Posted by usha | Report as abusive

Yes this will alienate the common people I do not understand why there should be two technically different procedures of identity checks for buying Prepaid and Post Paid mobile service: an easier procedure for Pre-paid connection than the post paid connection. I think there should only be one countrywide common procedure which is really a stringent one for both the connections; no matter how much it may cost to both the parties – mobile service operators and the customers.

Posted by Ahti | Report as abusive

Rather then see it as a negative thing, the banning of pre-paid phones is just another extension of the Indian government’s pledge to incorporate Kashmiris into India. Due to the improving security situation, the need for constant monitoring has reduced and rather an olive branch has been offered to honest and good civilians to move over to a billing cycle backed with documentation, so they can be taken off the suspect list.

Posted by shabir | Report as abusive

there are many ways of ensuring that genuine users do not suffer and so called security is also not compromised, why dont they just ask the operators to cross examine the users and only stop the services of doubtful subscribers. As far as alienation is concerned government of India least bothered what people of Kashmir think and want.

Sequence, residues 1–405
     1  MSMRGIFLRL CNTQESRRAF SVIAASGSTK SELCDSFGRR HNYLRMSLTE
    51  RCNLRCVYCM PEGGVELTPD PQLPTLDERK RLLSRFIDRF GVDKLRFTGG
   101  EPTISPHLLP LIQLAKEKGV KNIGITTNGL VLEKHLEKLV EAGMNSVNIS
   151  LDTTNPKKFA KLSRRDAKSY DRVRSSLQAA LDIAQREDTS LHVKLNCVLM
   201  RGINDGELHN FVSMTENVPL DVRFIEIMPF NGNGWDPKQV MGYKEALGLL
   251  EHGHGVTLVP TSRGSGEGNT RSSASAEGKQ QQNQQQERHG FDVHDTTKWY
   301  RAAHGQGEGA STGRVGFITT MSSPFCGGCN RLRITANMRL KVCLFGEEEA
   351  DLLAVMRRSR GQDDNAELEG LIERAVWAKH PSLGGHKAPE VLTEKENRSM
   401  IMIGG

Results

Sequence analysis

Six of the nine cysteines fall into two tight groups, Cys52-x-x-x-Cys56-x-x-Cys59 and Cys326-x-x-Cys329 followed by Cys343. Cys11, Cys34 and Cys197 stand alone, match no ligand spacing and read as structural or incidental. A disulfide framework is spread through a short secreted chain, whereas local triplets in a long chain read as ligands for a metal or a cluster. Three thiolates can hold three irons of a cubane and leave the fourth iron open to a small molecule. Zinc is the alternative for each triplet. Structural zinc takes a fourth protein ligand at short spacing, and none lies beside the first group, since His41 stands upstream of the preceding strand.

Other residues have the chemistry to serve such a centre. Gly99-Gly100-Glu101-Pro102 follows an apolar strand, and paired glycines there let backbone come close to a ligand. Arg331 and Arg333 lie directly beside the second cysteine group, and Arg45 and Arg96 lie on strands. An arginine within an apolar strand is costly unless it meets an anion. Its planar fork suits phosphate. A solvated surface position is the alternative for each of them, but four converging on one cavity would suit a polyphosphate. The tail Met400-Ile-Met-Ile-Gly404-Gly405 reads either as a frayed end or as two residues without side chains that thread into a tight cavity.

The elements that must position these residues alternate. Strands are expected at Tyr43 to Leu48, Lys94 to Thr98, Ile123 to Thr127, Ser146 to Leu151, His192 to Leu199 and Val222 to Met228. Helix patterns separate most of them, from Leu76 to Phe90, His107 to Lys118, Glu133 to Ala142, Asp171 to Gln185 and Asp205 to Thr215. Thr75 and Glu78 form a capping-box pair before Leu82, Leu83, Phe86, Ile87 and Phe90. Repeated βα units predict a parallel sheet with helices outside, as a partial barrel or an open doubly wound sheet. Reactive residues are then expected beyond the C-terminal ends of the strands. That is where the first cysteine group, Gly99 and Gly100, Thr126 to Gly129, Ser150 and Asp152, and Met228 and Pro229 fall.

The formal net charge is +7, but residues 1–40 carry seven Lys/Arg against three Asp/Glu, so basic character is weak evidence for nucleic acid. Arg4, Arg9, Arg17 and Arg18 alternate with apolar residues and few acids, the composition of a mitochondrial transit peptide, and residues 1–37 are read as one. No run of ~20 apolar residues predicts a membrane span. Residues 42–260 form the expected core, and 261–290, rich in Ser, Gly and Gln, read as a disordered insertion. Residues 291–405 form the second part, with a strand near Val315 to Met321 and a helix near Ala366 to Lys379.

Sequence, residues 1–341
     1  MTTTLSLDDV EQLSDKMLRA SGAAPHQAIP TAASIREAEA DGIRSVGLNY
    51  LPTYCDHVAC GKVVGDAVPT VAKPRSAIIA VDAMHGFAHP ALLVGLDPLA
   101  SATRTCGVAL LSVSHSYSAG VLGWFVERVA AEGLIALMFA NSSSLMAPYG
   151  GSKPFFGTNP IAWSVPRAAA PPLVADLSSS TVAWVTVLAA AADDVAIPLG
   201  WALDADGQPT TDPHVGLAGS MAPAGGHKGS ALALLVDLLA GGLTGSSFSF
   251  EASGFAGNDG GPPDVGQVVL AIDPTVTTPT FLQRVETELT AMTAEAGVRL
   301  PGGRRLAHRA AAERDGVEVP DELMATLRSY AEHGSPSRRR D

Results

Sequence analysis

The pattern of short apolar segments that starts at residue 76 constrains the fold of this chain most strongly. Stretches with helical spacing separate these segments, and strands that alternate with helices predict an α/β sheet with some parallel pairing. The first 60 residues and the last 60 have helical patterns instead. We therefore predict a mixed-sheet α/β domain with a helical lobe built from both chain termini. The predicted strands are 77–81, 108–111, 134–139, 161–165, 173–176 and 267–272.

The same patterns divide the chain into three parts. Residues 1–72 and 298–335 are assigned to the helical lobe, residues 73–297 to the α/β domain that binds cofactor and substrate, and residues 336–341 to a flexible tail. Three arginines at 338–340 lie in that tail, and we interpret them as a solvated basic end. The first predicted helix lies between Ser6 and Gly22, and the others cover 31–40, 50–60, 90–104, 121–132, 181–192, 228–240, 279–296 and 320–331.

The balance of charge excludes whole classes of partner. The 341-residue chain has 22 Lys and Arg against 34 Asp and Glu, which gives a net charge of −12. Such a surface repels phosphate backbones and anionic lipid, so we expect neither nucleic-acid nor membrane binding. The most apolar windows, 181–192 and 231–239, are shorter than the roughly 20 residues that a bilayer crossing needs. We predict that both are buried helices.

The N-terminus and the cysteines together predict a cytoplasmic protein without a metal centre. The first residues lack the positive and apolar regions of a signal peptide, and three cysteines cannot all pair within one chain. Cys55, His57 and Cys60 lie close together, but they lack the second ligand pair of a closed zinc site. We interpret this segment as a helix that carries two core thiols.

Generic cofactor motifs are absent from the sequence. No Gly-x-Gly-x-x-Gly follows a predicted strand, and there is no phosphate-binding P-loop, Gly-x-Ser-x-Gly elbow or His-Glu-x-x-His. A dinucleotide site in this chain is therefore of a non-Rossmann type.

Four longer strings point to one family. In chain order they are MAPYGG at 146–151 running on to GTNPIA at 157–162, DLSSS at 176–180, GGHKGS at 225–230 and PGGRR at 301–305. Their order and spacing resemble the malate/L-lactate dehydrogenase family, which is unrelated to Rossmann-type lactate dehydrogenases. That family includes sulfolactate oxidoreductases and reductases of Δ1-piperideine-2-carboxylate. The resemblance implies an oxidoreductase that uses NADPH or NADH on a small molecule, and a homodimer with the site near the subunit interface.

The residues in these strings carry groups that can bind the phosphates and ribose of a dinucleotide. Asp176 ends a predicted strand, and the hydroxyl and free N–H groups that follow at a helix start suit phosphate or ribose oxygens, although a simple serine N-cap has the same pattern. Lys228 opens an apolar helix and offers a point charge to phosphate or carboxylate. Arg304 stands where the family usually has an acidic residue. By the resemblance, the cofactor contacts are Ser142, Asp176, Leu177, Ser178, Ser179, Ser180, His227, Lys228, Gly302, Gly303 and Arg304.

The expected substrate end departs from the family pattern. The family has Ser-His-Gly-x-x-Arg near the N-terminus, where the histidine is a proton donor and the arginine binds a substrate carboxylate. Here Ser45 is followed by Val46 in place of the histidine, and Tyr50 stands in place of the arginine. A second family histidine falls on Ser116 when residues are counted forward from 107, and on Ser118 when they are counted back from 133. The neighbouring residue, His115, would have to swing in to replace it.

Posted by tanve | Report as abusive

Its is one more expamle set up by India that they have kept kashmiris at their mercy. When all the kashmiris feel safe in kashmir with mobile services on. I dont know why people in security feel scared sitting in delhi.

Posted by accram | Report as abusive

@I dont know why people in security feel scared sitting in delhi.”
- Posted by accram

-Because they have to rule from Kashmir to Kanyakumari, not just Delhi.

Some commenters make it sound as if this move gives some sadistic pleasure to the govt.

Posted by rajeev | Report as abusive

This is typical Delhi heavyhandedness that will cost India dearly. If security was a concern, here was a golden opportunity to make prepaid cards very easily available, with the hidden catch being that the operator allowed all conversations to be tapped. Not only would they have avoided pissing off the entire state’s population, they could also have listened in on the calls that would have tipped them off about terrorist activities.

Good to see the unimaginative babu mentality is alive and well in Delhi, 25 years after the death of the original heavyhanded prime minister.

Ganesh

Posted by Ganesh Prasad | Report as abusive

Ganesh
you should be made security consultant for chidambaram… brilliant idea ma. why I never thought about it before. keep posting mate.